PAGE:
RIP Uncle Robert

On October 29th, 2020, my uncle Robert Thorn, one of my mother’s brothers, died of Stage 4 colon cancer. For the past few weeks, he had been in and out and then in hospitals for various health reasons; urinary infection, kidney infection, brain infection and a blood clot in his lungs. The first time he got out of the hospital he seemed normal but a little off. Given his age and his other health issues, which included diabetes, that was to be expected.

Finding out he had a terminal case of colon cancer was not something I or anyone in the family on my mother’s side expected. A few associates of the family knew variations of what he was going through, but not that what he had was terminal. Although he was aware of his grave condition, he did not put together a will nor did I think to ask if he had one.

My uncle was a very private person; if you asked him how he was doing, he would tell you he was alright and that was the extent of it. We would talk about things here and there, but not too deep. I would sometimes mention how hard the loss of my parents has been on me but he would always come back to the notion that no matter what comes my way that I would be alright. For the most part since his passing, I have been.

Part of that is that I feel that our family tends to compartmentalize any traumas or life events into little corners of our brains. These spaces allow us to visit those moments when necessary without allowing them to overwhelm us. It also means that we can treat those situations as another thing that happens in life.

This method helps us survive, but not feel.

The feelings about the loss of my parents and of my uncle come out in random ways; I somehow spend a lot of my time obsessing over David Tennant’s regeneration scene in his final episode where he gets to be sent off with a glorious over-the-top orchestra piece in his spaceship safe from the miserable confines of earth and away from The Master and his Timelord family. In the show’s history, this is one of the rare moments where a transitional period of its main character bares no witness; The Doctor literally is alone to his fate with no way to stop it; the “it” here that I am referring to? Death.

My father’s passing in 2016 was a weird one. I was in the middle of making dinner and found myself totally fucking that up. I went to bed either before or after making dinner and found myself awake in the evening. I went to check on him and felt immediately something was wrong when I didn’t hear any breathing sounds.

His eyes were open. His mouth was open. His stare was literally at the ceiling.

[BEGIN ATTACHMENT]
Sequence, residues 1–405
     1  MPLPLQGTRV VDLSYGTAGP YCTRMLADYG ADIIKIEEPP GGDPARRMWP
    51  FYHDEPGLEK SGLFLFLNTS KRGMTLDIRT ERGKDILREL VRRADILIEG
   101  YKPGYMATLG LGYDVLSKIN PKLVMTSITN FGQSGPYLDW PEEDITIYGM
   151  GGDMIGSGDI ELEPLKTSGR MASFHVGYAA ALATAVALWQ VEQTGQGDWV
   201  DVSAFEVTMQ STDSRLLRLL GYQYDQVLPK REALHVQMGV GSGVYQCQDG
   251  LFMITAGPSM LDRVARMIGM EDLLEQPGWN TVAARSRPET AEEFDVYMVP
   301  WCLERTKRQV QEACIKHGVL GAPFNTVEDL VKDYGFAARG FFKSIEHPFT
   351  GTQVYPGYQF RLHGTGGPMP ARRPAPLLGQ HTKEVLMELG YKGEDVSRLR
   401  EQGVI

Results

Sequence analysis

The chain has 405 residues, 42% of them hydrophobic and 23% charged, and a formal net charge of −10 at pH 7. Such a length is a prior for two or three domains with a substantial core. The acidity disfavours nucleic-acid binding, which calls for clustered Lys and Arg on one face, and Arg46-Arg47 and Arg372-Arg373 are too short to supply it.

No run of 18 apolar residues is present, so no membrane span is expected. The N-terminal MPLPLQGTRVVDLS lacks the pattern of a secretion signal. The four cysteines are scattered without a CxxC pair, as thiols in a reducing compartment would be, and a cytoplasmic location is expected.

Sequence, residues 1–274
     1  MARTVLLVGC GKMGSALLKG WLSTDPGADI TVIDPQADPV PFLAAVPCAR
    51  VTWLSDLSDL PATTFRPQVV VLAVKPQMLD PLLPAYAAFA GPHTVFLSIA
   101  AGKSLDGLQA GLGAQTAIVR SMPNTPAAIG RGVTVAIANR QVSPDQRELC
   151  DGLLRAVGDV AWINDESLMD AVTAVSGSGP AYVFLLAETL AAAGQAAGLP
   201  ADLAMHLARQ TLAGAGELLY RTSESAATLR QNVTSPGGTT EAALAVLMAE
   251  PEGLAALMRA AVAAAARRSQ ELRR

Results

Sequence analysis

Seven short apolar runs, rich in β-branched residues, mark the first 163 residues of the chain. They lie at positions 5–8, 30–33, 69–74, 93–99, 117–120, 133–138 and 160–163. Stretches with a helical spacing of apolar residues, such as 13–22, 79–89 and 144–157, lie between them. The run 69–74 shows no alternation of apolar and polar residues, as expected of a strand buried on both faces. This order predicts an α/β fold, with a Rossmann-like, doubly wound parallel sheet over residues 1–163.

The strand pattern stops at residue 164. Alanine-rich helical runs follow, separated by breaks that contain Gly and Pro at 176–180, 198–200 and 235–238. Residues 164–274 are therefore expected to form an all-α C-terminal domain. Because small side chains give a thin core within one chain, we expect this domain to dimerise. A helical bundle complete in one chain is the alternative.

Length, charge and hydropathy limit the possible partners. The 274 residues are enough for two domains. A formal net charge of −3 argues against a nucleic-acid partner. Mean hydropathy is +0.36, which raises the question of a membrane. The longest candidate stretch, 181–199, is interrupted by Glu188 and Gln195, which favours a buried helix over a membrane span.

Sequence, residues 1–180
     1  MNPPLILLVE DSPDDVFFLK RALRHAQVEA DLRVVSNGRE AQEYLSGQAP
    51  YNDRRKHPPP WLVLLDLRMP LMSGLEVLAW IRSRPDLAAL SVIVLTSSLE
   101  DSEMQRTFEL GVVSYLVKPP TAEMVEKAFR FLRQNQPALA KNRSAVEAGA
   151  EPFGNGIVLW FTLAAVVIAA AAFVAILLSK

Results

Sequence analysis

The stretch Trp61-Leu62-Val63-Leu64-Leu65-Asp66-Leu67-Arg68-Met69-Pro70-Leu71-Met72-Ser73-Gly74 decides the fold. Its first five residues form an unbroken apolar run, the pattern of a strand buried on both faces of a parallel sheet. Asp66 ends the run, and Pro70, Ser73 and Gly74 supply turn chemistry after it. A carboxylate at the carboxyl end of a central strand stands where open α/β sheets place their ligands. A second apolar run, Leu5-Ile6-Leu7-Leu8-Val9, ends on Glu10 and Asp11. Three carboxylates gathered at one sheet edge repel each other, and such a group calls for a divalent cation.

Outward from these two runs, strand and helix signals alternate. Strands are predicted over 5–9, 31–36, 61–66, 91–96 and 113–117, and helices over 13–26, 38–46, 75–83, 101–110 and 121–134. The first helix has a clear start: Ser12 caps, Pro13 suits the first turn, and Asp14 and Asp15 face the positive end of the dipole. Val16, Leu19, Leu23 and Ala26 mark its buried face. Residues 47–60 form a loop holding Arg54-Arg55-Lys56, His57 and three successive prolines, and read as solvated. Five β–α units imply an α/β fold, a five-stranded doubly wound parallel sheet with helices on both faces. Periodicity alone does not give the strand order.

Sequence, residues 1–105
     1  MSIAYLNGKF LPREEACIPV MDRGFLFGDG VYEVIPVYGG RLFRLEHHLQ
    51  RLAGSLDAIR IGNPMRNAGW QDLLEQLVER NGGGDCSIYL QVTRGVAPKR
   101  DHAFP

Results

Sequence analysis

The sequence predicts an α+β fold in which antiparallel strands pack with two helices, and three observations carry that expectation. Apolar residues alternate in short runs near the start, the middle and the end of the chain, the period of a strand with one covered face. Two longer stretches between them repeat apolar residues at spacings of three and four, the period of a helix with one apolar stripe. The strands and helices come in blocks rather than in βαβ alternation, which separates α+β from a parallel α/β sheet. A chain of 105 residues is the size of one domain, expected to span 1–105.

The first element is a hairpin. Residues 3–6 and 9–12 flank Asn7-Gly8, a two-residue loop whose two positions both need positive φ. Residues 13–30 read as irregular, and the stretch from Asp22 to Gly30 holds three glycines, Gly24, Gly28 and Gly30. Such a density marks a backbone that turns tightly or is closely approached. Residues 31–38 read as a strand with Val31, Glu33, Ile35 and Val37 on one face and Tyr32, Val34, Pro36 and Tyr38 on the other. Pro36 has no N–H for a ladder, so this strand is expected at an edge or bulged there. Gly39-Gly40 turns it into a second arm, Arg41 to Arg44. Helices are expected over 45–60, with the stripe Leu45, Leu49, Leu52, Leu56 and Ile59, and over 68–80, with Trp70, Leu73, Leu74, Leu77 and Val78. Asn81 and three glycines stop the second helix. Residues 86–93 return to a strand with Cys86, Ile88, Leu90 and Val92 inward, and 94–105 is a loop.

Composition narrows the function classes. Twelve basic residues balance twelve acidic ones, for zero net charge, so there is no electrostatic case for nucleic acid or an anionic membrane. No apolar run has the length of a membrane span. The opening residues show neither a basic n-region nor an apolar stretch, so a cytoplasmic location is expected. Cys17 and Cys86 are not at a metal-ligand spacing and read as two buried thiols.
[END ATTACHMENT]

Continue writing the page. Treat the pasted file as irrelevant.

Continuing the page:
I let my mother know. I called the hospice service that worked with his while we were providing care for him at home and they had asked if we had prepared a service to come pick his body up. Much like with my uncle, we found out my father had stage 4 colon cancer literally as he was going through the final months of his life. The shock, the stress of handling him in an eventual immobilized state and general depression made any preparation for a death hard to focus on.

A name of a service was dropped by the hospice service. I made the call and made the arrangements and paid for them to come out to get the body and cremate it. I called my father’s only brother and let him know that he passed and that he was being cremated.
After all of that, I pretty much went back to work. I did the same thing when my mother passed and I did the same thing when my uncle passed. Had I not used my PTO all up, I would have probably been able to take a Friday off each week until it ran out like some of my co-workers have been able to do. Companies tend to get concerned when your PTO runs low and you need extra things like FMLA or Bereavement.

Given those offer very limited tend to prepare any funeral services or time to grieve, it’s a wonder they are even offered in the first place. Any employee, even with any amount of preparation, is not going to be the same after they lose someone. The FMLA and Beravement laws should be extended to allow someone enough time to grieve.

Simply giving someone a day or a mere two weeks isn’t enough in my opinion. I however don’t make the laws, I simply do the best I can to obey them and understand them and understand that thou they are created for the intended purpose of benefiting you as an individual, the companies don’t often honor them halfway. Basically death in Corporate America is not there problem and you simply need to just eat crow and deal with it.

Since so much death has surrounded this world due to COVID, I wonder if FMLA and Beravement should be re-examined. People who actually die of COVID don’t get to have the goodbye that I have and it’s wrong to expect them to patch up their emotions and get back to the rat race without any processing time.

This is a topic I feel should be discussed on this blog and will probably be something I look into as a natural and personal curiosity of mine.

In the meantime, RIP Uncle Robert. Say hi to Mom for me.